Unit 3. War and Music, Rituals of Life and Death

The advent of fascism in Spain during the second half of the 30s became an emblem of a historical lockdown, a kind of revival of the deadly battles between Catholics and Protestants during the Thirty Years War (1618-1648).  This week, we sought to understand the advent of fascism as the result of a series of intense, deeply conflicted internal battles that characterized the Second Republic and its last stage, the Civil War (1936-1939). This advent became also an emblem of a historical lockdown that would last 40 years. Despite the violence, loss, and death, music and religiosity played a role in this moment of reconfiguration of historical memory, as sources of life and also death, and as mediators of the conflicted and contradictory citizenship and nationhood Spain had become.

On Tuesday we discussed the basics of the “Spanish Civil War,” and the role that these three years played in the unfolding of fascism and historical memory; we saw how Anarchy, Marxism / Communism, Republicanism, and Nationalism all weighed in the production of films in this decade, and more particularly through the Civil War period.  We watched in class a clip of Benito Perojo’s Suspiros de España / Whispers of-from Spain (1938), and in our reading we focused on the strategic negotiation of the visual aspect (camera angles and shots, costuming, composition, the dimension of verisimilitude granted by documentary footage composed with historical images of written registers, formation of mobs, poverty, and the role of song as a voice-over. We contrasted Perojo’s hopeful, highly aestheticized view of these Civil War events with Estrellita Castro as great buffer to alleviate loss and death, with Director Basilio Martín Patino’s  Canciones para después de una guerra / Songs for the Time After A War (1976). Patino died in mid-August of 2017, and his great film produced merely a year after the death of the dictator replayed the times of the Civil War with clinical precision, to present a clearer shot than Perojo’s. 

In your post this week, consider the four areas that Pavlovic names for film production in the late 30s (Anarchy, Marxism / Communism, Republicanism, and Nationalism ), and compare-contrast Perojo’s Whispers with Patino’s Songs. NOTE: I am not asking you to summarize our reading from Thursday’s class, but to find your own reading of these songs and whispers, to build an argument about war and music in the time of advent of fascism in Spain.

Try to post your reflection by Sunday afternoon. Hope to see some of you Sunday at 4.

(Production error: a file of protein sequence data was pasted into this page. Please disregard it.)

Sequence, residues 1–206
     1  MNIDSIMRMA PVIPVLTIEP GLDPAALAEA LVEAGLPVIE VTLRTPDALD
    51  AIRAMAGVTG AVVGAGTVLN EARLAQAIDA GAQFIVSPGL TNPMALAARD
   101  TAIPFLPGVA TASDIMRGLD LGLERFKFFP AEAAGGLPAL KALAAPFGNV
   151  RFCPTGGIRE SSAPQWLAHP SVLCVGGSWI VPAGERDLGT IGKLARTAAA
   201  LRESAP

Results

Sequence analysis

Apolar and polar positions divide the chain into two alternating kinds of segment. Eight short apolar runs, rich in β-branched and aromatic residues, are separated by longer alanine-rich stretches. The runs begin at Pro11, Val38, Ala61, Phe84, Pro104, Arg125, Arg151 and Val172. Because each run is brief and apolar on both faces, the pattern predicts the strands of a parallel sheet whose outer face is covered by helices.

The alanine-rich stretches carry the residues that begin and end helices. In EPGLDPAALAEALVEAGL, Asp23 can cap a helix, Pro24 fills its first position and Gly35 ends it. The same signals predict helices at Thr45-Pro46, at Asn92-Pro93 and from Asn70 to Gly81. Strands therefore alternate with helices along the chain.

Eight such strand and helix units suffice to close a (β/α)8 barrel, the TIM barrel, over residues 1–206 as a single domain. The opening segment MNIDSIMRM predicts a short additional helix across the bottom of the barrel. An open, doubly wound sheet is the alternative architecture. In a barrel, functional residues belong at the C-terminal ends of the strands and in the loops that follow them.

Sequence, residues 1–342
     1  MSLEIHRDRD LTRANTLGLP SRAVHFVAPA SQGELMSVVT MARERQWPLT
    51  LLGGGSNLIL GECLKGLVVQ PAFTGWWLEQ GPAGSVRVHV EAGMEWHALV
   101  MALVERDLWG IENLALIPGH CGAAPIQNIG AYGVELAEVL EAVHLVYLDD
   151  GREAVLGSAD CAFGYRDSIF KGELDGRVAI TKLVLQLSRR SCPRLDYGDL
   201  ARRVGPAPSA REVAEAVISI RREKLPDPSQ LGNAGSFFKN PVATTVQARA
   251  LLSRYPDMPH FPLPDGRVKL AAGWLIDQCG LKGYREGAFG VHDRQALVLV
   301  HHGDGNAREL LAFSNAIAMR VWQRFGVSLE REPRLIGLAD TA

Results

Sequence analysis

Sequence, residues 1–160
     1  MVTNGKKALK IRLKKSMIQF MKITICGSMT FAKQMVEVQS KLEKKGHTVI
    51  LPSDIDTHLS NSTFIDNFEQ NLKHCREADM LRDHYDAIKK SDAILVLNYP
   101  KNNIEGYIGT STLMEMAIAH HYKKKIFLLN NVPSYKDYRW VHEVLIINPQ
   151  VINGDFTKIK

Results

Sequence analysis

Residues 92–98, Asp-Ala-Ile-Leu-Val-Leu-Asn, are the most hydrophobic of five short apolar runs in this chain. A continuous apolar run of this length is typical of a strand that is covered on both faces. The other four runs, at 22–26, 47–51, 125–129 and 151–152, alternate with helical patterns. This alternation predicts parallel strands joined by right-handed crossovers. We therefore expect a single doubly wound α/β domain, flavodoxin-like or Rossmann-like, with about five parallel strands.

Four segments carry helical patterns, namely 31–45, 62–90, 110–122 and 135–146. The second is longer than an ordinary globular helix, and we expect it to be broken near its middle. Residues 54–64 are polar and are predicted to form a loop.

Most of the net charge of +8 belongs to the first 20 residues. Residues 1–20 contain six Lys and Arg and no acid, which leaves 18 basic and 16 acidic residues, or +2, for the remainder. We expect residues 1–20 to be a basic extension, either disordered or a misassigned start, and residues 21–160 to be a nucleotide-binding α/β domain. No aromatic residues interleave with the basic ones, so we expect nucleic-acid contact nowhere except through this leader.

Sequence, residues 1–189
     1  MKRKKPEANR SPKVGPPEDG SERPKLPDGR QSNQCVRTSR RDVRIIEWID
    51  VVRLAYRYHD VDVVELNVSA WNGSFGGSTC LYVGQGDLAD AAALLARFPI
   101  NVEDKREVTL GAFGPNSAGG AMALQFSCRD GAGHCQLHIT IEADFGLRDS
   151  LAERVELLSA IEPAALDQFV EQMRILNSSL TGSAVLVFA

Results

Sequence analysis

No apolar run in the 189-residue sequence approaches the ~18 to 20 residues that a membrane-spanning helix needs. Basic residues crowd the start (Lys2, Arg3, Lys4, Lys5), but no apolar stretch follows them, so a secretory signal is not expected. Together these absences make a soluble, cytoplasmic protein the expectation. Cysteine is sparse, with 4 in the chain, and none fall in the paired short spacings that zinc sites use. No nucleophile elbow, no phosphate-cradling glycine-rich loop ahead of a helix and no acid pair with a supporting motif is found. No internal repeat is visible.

1. This week, in our analysis of the time period of the Second Republic and the emergence of new film styles or categories in Spain, including (Anarchy, Marxism / Communism, Republicanism, and Nationalism), we began to understand how different music styles, specifically folkloric music, helped to bond Spaniards all over the country. We discussed the expulsion of both the Jews and the Muslims at a time when those in power were making attempts at creating a more homogenized country in terms of race/ethnicity and culture, and with these exiting groups of people, also left different styles of music until their return years later; it was the ‘Cristiano Viejo’ that the Nationalists were trying so hard to have pervade throughout the country at this time.
    With the afore mentioned four areas of film production in the late 30s, came an expansion of connections between Spaniard filmmakers and those in other countries who had the economic means of providing the necessary tools and funding to increase Spanish film production. The Nationalists, for example, looked to Germany, (an Axis power) that had similar goals of expulsing “unwanted citizens” at the time, for equipment that would fund propaganda or news reel type films. The two songs we focused on in this unit included those by Perojo and Patino, which differed a lot from the type of score/soundtrack we had been experiencing in films thus far in this class. We spoke about ‘schismogensis,’ or the break stemming from tension between opposing sides, in this case the different political regimes, and how this influenced music. It appears that during this time, although Spain was very split politically and economically, music was one thing that had the ability to join people with differing viewpoints and of different statuses. In looking at Perojo’s song a little more deeply, we discussed the visual tension or conflict between the woman’s gaze and where her arm is pulling her (downwards); this signified the conflict between groups of people, but all of the different groups are also symbolized in the many people laying and listening contently to the woman sing.

    1. Dear Amaia,

      I am delighted to read in your comment that you have captured the multiplicity of positions together and apart that ran with and against each other in the period of the Second Republic. I encourage you to think further on tensions such as these: “if the Nationalists wanted to create homogeneity, why did they leave Spain and seek funding in Germany, a country who was very much not ‘Cristianos viejos?” Or “what are the aesthetic qualities of music that allowed Spaniards at the time to come together even when having opposed political positions?”